Boys, fitting in, and pack energy


As parents, it is our role and responsibility to support children to have the confidence to know who they are, and the skills to live this, in spite of the fierce pressures to fit in. This ‘fitting in’ informs children they cannot be sensitive as that leaves them feeling vulnerable, so there is an unspoken directive that to survive they have to toughen up.


Is it possible that this toughening up and fitting-in feeds into the ever-increasing number of physical and mental health issues that too many men are suffering from today?


This pressure to toughen up can be around from a very young age as an unspoken agreement in families, yet can also be seen when boys get together in groups and the pressure to fit-in kicks in. It is a 'pack energy' that can change their way of thinking and behaviour, but it doesn’t come out of nowhere, it doesn’t ‘just happen’. It is nurtured through needing to toughen up and fit in through the childhood years. The physical response when in the pack energy is that it literally takes over the body and we may find our sons doing things which shock us, things which we would never have imagined them considering on their own, let alone acting out with others. Even they can question why they did what they did once they are away from the group.


It has been described as “becoming like foot soldiers, obedient to the group, leaving the sensible brain at home”


When boys get into groups, they conform to a dominant group agreement that rules by force, no words are needed for everyone to know what is expected and what is not. They can become intoxicated with its power, as a result of living in fear of being the weakest link, they become disconnected and cannot recognise the behaviours they are going into and the hurt and damage they are causing. On their own and on a one-to-one basis, most, genuinely don’t want to hurt anyone, but in the pack energy they don’t care, it just doesn’t register that there is anything wrong with what they are doing or saying.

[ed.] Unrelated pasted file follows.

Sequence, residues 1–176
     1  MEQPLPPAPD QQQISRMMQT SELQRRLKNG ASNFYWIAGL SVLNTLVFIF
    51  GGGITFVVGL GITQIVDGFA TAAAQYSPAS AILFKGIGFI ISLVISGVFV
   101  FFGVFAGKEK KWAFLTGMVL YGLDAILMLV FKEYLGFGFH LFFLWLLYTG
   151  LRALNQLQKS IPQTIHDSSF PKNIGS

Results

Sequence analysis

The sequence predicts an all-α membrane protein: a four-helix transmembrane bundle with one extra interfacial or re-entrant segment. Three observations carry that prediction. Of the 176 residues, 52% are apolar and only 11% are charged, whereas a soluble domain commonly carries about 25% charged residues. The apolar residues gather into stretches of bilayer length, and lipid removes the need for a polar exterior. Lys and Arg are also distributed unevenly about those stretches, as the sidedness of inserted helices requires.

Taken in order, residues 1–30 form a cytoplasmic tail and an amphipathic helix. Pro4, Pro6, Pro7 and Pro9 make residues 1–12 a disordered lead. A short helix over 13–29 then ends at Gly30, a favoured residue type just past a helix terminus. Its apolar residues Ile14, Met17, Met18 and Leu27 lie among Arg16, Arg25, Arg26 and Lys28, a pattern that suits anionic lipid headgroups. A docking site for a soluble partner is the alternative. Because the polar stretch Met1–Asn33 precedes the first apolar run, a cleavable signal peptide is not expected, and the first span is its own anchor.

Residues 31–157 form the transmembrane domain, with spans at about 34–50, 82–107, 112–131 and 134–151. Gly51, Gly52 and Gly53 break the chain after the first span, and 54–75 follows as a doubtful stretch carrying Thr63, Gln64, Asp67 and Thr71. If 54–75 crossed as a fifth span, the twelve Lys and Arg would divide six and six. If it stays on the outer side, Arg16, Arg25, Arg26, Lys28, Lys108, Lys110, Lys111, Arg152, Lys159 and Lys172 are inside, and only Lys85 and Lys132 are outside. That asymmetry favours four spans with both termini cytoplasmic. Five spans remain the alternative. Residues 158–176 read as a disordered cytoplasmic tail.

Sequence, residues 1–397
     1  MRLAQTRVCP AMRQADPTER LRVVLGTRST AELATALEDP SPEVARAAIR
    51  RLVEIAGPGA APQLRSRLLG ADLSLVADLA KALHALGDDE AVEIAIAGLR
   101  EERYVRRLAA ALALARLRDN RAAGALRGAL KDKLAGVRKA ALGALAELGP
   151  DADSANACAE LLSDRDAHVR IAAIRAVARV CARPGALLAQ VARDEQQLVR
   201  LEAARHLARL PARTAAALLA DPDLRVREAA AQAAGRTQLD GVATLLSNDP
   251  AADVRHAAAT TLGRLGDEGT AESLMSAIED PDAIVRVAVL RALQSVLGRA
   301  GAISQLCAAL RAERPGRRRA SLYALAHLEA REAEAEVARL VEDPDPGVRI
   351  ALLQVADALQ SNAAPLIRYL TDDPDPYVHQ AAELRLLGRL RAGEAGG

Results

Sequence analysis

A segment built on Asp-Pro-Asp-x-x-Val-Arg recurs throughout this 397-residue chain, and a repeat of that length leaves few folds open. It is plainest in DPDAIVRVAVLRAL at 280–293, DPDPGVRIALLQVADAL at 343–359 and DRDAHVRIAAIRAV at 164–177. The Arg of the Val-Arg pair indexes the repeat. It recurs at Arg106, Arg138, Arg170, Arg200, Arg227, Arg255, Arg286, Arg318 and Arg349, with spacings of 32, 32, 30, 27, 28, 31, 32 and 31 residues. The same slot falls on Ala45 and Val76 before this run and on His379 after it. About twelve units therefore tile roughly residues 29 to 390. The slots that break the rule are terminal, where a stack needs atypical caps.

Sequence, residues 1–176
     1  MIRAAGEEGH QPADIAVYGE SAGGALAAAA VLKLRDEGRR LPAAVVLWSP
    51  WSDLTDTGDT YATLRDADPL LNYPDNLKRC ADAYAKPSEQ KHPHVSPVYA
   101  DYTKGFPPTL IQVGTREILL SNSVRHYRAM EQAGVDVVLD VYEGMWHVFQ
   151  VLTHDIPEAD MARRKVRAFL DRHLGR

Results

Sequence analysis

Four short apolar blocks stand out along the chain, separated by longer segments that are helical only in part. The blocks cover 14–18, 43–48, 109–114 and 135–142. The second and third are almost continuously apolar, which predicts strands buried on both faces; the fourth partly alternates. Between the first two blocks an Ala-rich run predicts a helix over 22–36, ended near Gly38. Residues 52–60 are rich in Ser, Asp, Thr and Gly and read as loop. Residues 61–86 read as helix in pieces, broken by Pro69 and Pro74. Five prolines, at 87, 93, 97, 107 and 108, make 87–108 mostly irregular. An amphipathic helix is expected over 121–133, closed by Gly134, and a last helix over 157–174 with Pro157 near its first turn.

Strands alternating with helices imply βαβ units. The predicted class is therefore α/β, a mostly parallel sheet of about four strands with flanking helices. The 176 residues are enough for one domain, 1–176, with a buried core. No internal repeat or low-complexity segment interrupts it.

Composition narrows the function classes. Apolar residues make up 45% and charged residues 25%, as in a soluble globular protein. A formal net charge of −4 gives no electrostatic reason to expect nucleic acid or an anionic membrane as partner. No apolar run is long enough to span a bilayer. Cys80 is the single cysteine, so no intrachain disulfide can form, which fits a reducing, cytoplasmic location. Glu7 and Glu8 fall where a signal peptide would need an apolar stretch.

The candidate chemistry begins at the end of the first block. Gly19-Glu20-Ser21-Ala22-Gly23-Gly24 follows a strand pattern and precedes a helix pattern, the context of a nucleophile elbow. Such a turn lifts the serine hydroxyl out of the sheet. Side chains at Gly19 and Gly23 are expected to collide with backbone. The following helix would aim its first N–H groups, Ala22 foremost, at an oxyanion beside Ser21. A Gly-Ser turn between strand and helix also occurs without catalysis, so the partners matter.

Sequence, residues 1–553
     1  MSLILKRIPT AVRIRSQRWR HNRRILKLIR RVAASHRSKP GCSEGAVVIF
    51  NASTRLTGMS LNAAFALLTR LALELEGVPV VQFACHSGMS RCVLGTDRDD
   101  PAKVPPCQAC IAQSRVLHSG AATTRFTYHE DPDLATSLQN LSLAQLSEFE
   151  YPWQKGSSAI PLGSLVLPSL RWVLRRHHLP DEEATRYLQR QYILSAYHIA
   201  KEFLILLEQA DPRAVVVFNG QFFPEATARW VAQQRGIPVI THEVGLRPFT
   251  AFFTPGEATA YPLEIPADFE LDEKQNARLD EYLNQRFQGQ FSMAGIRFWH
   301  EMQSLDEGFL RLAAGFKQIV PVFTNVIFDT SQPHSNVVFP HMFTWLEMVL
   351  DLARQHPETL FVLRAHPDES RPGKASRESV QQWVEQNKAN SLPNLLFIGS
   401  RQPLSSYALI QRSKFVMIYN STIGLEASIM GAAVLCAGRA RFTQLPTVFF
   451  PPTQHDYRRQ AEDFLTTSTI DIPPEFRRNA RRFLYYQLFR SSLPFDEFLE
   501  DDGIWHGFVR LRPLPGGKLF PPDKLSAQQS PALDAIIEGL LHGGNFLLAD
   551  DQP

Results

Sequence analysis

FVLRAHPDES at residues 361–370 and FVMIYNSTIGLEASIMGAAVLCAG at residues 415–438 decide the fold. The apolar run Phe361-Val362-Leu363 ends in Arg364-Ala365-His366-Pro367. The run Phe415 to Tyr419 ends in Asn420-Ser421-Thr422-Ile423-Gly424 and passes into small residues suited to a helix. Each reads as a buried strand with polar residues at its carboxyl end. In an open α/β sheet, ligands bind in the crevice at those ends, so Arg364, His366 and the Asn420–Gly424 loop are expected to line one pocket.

Ultimately the 'pack' knows you want to fit in and that is how it ‘rules’. Those deep in the pack energy don’t question it. They turn on authority, anyone who looks vulnerable, anyone they feel offends them. They can pick on anyone outside the group, or they can turn in on themselves. They have a radar for who the group perceives to be the weakest link, anyone who questions the behaviour is the one most likely to be targeted and under no circumstances is it safe to be that; it is very primal, and it can feel scary and intense. Therefore, being part of the pack can feel like an imperative for their safety - making it less of an option to be part of the pack and more of a need.

It is very important that we don’t just let this run. However, seeing why this pack energy has a ‘pull’ or is perceived to be attractive is a start, it is a foot in the door.


If we take 100 steps back, children are looking for connection. So how do we offer a connection and build that to be more attractive than the pack? Rather than finding connection online, in games and in devices, what if connection was offered as a foundation of the family together.


In that space, there is less focus on fitting in and more focus on being fit to be in the world.


Photo by Bibhash on Unsplash